Category: Berry Jedediah

2009 favourites

It’s been a good year for reading, watching and listening, I think; so here’s a look at my favourite books, movies and music of 2009.


Here are my favourite books whose first publication was in 2009, with links to my reviews. (NB. The order isn’t meant to be too strict; all these books are warmly recommended.)

1. Eleanor Catton, The Rehearsal

My favourite book of 2009 is an extraordinary work of literature which examines the masks people wear and the shows people put on in life, against the background of a school scandal. Catton doesn’t put a foot wrong, and the result is a novel that’s both highly experimental and compulsively readable.

2. Keith Brooke, The Accord

Brooke is, in my opinion, a vastly under-appreciated writer; this story of a virtual afterlife is the best of his works that I’ve read. The Accord works on so many levels: as a novel of ideas, as a novel of character, as a thriller, as an experiment in style… It’s a heady concoction that deserves as wide an audience as possible.

3. Rana Dasgupta, Solo

An elderly Bulgarian man looks back on his life in the first half of this novel, then dreams of a new life for an old friend in the second. A beautifully written, richly rewarding book.

4. Adam Roberts, Yellow Blue Tibia

At the behest of Stalin, a group of science fiction writers dream up an outlandish enemy for communism, and discover that the truth is uncomfortably close. Enormous fun, and a feast for the imagination.

5. Margo Lanagan, Tender Morsels

A powerful fairytale about the difficulty of looking life in the eye, and the possible consequences of not doing so. A deserved co-winner of the World Fantasy Award.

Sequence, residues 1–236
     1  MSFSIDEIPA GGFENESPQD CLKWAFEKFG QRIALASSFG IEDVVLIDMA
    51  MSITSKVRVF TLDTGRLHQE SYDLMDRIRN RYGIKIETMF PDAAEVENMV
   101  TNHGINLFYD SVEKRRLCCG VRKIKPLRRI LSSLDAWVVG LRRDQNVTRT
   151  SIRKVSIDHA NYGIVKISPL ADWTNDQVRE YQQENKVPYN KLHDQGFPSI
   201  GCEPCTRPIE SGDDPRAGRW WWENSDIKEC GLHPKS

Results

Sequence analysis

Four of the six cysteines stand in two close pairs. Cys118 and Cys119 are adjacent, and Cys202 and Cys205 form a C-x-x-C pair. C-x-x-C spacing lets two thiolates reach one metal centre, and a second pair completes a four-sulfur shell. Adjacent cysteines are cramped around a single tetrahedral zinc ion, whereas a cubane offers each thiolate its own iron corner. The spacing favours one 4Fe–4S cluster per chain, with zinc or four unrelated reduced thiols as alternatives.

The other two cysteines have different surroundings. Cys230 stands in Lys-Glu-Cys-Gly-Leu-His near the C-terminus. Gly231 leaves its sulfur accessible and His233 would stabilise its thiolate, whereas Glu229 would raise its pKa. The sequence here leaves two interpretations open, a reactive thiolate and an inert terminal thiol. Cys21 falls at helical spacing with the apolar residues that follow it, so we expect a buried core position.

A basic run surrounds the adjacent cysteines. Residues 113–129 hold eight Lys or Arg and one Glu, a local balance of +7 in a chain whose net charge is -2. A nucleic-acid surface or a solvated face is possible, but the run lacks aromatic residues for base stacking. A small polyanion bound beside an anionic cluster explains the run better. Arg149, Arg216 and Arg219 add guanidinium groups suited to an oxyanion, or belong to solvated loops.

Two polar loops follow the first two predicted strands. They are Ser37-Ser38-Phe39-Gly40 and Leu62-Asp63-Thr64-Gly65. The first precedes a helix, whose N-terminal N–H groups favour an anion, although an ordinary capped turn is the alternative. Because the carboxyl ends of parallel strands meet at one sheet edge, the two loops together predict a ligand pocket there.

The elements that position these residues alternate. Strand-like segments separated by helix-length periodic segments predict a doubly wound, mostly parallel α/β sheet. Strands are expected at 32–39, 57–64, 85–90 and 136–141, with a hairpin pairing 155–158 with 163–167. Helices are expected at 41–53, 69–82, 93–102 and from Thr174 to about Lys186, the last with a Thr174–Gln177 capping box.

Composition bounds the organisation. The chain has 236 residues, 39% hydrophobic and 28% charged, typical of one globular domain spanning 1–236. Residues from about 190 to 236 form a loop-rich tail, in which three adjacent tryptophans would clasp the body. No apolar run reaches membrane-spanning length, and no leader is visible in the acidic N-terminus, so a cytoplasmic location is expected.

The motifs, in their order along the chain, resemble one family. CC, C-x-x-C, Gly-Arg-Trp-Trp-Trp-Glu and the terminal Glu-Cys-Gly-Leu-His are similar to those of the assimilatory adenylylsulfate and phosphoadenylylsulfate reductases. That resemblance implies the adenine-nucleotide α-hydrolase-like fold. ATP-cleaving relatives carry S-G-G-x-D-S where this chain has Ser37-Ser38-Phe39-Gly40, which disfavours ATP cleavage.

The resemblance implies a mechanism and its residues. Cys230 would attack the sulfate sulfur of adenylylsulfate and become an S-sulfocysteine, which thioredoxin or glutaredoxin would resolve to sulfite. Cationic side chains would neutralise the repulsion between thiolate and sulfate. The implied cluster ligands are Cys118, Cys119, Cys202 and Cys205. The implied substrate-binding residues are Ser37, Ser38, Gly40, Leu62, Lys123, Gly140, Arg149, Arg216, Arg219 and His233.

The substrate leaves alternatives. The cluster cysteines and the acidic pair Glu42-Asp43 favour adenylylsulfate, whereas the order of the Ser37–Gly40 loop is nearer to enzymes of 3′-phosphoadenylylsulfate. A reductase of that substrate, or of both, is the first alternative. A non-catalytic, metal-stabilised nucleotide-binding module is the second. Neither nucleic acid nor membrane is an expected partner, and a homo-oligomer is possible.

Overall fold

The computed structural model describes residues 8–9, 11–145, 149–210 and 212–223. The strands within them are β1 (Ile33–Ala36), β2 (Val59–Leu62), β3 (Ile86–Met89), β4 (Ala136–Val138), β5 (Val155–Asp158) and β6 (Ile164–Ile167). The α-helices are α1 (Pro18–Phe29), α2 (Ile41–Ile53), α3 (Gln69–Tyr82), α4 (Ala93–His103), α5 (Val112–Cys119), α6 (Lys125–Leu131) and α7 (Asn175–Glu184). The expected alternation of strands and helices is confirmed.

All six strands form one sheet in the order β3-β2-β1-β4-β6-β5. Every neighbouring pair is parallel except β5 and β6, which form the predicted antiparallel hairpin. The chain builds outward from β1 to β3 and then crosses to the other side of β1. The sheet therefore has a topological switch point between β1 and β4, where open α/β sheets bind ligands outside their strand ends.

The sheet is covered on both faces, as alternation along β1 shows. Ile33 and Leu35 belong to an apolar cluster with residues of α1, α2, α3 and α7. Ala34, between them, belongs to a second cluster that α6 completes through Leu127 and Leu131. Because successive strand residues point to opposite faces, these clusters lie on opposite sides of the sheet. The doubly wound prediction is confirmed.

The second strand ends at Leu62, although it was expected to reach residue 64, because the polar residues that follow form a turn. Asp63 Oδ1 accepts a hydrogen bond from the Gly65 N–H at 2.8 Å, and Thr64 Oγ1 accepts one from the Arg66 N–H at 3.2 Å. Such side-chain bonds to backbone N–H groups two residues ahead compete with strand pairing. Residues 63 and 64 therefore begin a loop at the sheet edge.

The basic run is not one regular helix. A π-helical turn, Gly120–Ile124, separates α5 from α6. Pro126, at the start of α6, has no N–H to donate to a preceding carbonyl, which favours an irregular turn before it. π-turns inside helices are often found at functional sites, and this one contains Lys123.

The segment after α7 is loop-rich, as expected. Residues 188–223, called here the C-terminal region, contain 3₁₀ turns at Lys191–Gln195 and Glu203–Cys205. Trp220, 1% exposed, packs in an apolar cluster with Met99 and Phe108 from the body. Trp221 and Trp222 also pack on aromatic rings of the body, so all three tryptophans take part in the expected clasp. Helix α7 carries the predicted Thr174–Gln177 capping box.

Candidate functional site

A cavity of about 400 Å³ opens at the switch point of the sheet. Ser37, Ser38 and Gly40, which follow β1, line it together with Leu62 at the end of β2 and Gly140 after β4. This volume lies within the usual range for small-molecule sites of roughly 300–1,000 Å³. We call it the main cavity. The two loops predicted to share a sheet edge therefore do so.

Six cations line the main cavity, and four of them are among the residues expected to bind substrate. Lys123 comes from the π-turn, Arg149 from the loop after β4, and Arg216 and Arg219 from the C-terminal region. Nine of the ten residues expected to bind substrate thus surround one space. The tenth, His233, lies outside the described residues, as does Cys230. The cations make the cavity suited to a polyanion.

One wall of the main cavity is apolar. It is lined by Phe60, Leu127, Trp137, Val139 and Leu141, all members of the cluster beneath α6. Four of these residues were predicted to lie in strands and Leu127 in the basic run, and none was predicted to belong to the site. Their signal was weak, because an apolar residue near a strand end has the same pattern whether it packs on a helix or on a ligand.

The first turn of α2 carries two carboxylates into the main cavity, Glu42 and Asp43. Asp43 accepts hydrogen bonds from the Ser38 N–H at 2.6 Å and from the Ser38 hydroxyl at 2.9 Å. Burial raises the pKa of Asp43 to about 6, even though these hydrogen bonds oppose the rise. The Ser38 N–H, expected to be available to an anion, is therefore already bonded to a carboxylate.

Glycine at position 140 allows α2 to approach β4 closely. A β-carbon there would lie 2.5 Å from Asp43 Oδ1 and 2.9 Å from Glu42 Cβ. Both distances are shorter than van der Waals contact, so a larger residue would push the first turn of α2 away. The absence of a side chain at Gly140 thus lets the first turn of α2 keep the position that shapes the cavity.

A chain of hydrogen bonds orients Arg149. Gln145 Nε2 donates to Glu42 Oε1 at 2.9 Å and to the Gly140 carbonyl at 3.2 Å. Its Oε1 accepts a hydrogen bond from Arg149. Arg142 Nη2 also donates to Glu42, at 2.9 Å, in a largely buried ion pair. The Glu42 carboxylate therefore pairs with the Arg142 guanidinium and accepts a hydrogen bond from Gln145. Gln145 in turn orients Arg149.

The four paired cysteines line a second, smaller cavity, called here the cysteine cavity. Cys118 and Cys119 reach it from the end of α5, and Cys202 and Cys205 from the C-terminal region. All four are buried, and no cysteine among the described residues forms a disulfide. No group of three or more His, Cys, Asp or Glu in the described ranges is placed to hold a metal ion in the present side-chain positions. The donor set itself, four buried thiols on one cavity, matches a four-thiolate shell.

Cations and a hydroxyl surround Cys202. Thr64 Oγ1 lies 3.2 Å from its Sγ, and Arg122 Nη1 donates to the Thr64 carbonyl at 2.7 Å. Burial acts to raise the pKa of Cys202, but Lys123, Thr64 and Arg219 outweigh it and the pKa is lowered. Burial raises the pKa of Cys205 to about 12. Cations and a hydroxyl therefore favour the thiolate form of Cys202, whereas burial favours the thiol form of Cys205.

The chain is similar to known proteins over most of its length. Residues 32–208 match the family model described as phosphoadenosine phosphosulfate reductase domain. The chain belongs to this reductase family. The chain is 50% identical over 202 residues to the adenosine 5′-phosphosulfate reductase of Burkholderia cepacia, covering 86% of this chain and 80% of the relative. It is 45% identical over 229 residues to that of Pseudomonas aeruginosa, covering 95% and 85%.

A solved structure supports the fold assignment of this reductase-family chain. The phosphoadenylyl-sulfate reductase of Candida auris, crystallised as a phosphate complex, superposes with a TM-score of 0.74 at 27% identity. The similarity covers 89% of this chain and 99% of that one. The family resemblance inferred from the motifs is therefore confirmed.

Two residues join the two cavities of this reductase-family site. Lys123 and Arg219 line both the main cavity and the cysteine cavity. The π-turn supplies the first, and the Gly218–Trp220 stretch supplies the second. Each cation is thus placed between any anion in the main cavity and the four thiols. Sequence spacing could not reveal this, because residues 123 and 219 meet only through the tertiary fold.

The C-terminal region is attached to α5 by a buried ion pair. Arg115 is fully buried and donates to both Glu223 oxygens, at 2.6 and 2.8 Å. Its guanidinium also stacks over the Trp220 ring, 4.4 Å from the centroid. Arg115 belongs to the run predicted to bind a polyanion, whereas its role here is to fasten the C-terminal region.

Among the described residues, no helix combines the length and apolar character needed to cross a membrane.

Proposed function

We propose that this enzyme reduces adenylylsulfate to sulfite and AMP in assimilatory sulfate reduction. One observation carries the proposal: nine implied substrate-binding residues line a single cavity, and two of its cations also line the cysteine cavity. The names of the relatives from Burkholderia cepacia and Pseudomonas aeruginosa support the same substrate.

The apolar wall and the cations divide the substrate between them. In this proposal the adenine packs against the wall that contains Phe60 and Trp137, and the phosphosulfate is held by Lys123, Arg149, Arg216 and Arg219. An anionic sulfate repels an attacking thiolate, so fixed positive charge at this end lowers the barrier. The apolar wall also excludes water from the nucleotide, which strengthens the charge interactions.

6. Jedediah Berry, The Manual of Detection

A deeply atmospheric detective story whose heart beats with a unique strangeness.

7. David Vann, Legend of a Suicide

A mosaic portrait of a father’s suicide, with a strong sense of place and a sharp eye for character. A unique work of literature.

8. Conrad Williams, One

Williams evokes the profound horror of apocalypse whilst maintaining an intensely personal focus. Harrowing, but powerful.

9. A.C. Tillyer, An A-Z of Possible Worlds

Twenty-six individually bound portraits of what-if. The most beautifully made book of the year, with stories to match.

10. Evie Wyld, After the Fire, a Still Small Voice

A quiet, insightful tale of silence between fathers and sons, and the consequences of leaving things unspoken.

11. China Miéville, The City & the City

A murder mystery set in overlapping cities, and a fascinating fusion of fantasy and crime fiction.

12. Trevor Byrne, Ghosts and Lightning

A young man returns to Dublin after the death of his mother, and struggles to anchor his life. Well written and nicely observed.

And the best from previous years…

Ken Grimwood, Replay (1986)